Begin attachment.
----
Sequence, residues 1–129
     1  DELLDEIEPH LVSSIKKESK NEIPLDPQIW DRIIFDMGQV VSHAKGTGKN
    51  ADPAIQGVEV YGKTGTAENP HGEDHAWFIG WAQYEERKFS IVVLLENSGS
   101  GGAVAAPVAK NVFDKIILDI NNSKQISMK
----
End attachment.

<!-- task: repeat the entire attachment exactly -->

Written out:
Sequence, residues 1–129
     1  DELLDEIEPH LVSSIKKESK NEIPLDPQIW DRIIFDMGQV VSHAKGTGKN
    51  ADPAIQGVEV YGKTGTAENP HGEDHAWFIG WAQYEERKFS IVVLLENSGS
   101  GGAVAAPVAK NVFDKIILDI NNSKQISMK